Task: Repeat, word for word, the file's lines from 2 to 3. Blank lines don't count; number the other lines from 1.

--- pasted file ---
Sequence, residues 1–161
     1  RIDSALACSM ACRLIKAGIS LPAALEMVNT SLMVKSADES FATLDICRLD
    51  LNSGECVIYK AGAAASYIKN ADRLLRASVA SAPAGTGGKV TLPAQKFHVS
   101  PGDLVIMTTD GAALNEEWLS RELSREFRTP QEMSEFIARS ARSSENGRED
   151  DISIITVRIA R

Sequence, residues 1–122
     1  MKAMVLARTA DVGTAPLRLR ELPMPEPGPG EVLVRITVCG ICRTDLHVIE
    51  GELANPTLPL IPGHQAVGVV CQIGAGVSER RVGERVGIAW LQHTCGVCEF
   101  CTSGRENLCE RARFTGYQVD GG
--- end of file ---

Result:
     1  RIDSALACSM ACRLIKAGIS LPAALEMVNT SLMVKSADES FATLDICRLD
    51  LNSGECVIYK AGAAASYIKN ADRLLRASVA SAPAGTGGKV TLPAQKFHVS